Sharing a comment by Anonymous to ‘The sari is the best way of showing global companies that these are Indian women managers?‘
My response in italics. It’s possible that I did not quite understand the comment in some places.
Anonymous: Firstly lets dig deep into our history and try to figure why sari alone describes indian-ness in women.
IHM: Sari/dhoti describes Indian-ness only for some Indians, and only when women are wearing it. If it was really about Indian-ness they would be asking Indian men to wear dhoti and turban [etc] too.
Anonymous: Could be because it covers the full body, from your head-to-toe blah blah, and dates back right from the time when women did not even have the freedom to go veggie-shopping.
Centuries rolled and saris got “westernized” along with women. Now we have the munnis and the sheelas and their fans who love to show their bodies in their saris n strut it. I do it too.
IHM: The traditional sari covered less and there was no concept of covering from head to toe or of wearing a blouse or petticoat in most parts of India.
Today, sleeveless blouses are seen as modern and revealing, and some ways of draping the saree face criticism for showing too much skin, but women in villages in many parts of India, wear backless blouses, or blouses that are not covered by a ‘pallu’ – that’s their ‘traditional’ dress, so nobody notices.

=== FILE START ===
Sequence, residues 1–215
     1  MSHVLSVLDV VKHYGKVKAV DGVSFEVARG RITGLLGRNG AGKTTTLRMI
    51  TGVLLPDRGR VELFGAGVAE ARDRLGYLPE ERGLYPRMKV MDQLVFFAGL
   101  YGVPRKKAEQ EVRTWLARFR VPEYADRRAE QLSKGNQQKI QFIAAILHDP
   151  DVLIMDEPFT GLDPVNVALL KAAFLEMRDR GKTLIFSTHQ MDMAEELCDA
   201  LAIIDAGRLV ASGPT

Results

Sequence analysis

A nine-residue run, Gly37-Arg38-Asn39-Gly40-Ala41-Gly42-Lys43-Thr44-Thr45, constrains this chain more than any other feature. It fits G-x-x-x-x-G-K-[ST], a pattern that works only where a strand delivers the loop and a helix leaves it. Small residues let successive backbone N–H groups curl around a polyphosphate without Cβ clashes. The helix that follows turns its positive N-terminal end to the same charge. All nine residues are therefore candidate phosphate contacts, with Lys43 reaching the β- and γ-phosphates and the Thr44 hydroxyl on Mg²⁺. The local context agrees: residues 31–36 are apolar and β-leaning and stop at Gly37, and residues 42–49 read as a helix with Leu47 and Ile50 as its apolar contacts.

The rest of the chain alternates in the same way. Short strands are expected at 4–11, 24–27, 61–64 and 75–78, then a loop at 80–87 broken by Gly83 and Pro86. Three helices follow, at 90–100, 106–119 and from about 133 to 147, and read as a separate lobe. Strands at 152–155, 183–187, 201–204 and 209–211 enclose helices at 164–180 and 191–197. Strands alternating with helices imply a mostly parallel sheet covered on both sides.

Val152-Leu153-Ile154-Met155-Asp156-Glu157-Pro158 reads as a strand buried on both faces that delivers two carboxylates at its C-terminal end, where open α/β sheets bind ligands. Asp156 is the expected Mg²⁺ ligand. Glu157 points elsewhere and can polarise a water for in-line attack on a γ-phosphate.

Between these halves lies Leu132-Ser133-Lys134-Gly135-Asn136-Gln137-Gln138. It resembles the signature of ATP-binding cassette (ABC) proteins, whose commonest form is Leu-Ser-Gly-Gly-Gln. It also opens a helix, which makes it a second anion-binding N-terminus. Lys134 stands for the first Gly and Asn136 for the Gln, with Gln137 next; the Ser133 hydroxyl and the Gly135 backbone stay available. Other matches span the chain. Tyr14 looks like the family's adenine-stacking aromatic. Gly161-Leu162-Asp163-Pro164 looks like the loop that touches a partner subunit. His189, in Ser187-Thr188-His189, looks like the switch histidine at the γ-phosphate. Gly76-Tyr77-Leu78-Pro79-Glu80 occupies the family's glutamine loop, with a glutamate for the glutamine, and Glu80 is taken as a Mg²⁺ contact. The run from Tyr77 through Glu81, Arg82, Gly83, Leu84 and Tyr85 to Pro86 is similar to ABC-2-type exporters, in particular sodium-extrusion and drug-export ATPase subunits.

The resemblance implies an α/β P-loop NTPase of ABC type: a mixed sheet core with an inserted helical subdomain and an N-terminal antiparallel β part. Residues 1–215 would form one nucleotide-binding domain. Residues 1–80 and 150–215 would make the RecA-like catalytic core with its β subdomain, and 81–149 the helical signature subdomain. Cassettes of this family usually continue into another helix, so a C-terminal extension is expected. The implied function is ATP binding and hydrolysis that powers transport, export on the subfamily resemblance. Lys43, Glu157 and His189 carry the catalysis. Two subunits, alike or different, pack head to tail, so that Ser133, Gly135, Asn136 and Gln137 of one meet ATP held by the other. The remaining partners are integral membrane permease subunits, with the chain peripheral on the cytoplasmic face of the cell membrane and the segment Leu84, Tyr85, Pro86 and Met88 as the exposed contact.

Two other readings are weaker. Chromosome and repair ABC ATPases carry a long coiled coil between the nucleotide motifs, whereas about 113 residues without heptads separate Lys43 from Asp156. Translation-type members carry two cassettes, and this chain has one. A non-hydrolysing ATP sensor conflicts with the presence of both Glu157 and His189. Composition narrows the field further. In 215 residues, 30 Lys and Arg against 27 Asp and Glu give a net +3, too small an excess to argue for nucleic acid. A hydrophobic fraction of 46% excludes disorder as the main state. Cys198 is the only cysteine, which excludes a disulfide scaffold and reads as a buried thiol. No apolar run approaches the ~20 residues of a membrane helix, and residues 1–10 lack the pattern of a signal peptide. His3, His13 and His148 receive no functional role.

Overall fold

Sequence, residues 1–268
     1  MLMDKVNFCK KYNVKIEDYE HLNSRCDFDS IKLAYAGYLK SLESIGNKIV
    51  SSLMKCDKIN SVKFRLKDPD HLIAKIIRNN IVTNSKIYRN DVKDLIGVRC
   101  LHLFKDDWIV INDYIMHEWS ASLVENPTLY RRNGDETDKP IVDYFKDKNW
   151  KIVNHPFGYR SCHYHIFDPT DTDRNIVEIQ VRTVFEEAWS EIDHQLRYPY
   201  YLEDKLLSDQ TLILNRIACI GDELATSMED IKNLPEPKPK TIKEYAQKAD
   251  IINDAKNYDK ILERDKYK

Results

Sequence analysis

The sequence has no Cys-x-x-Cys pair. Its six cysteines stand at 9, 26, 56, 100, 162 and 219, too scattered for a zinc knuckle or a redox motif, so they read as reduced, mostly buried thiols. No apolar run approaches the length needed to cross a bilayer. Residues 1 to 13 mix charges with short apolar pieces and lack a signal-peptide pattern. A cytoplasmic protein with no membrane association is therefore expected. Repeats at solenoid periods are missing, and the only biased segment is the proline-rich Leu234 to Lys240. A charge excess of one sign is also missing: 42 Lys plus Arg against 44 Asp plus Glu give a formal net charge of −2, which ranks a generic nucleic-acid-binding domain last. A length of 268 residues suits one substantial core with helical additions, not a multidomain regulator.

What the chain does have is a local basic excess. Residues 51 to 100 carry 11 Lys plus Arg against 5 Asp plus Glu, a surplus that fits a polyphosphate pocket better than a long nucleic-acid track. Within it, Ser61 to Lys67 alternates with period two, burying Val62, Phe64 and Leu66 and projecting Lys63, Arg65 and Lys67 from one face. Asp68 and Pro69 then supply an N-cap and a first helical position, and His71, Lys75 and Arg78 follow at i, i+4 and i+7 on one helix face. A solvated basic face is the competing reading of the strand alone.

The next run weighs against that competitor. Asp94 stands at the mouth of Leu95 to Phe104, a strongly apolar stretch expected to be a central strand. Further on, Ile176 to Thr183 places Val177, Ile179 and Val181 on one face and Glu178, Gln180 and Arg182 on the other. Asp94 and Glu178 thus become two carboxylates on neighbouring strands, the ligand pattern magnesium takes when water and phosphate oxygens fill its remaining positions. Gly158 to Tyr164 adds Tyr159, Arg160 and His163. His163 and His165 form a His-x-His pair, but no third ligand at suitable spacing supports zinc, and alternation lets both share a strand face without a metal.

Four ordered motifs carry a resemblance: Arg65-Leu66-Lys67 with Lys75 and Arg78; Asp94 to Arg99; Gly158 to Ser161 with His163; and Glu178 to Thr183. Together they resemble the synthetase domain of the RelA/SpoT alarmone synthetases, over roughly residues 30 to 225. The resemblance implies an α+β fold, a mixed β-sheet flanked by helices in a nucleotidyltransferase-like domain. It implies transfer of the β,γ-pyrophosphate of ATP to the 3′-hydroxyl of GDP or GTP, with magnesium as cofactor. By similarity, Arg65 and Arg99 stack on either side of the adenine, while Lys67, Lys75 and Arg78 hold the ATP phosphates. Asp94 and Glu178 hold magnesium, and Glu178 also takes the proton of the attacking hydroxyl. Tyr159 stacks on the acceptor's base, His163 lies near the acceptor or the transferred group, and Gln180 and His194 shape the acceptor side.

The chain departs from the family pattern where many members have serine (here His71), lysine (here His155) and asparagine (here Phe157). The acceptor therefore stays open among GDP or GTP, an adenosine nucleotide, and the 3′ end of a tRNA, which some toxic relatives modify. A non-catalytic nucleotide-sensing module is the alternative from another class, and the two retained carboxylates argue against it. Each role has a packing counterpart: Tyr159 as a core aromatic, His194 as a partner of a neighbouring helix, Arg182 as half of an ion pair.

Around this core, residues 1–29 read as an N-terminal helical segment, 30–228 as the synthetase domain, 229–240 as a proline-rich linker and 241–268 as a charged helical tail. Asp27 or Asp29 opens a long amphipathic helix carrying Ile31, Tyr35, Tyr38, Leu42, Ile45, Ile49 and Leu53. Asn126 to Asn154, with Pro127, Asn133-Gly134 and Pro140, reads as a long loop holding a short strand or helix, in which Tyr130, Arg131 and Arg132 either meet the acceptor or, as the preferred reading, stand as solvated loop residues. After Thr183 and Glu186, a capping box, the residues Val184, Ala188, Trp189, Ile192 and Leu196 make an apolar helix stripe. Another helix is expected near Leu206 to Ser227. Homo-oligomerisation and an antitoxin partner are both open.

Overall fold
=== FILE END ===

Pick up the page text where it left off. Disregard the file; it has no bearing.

So skin showing doesn’t really seem to be the issue, it seems to be more of a fear of women being able to choose what to wear and gradually going ‘out of control’.
Anonymous: My point here is the current sari is in its modern form as well just as the Indian women are. So arent we contradicting ourselves here by saying that saris are traditional.
IHM: My mother is 72 and she (and other women her age and older), have been wearing the current-sari the same way for the past 50 years. There are some who wouldn’t approve of my mother’s sleeveless blouses, but she hasn’t changed (or modernised) it for the past 50 years.
The saree is worn in different ways by different people in different parts of India (and generally the wearer has little choice in how it is worn). Since not allowing women choices is a part of our culture, maybe ensuring it is worn in certain ways is seen as the ‘traditional’ thing to do?
Anonymous: Moreover saris are not even conducive to today’s age and climes. so whom are we kidding! Lets keep our pretty saris to times when we just have to eat, pray, and love and certainly not when we have prepare reports and give out presentations. and lets keep it that way cause we are tomorrows’ MILs. 🙂
IHM: Are ‘we’ tomorrow’s MILs? Do you think today’s generation of men and women should see themselves as tomorrow’s Fathers in law and Mothers in law? That’s only possible if everybody gets married and has children, and those daughters and sons get married too…
And why is keeping it that way better for tomorrow’s MILs? Would you say that the future MILs control what Indian women wear in future?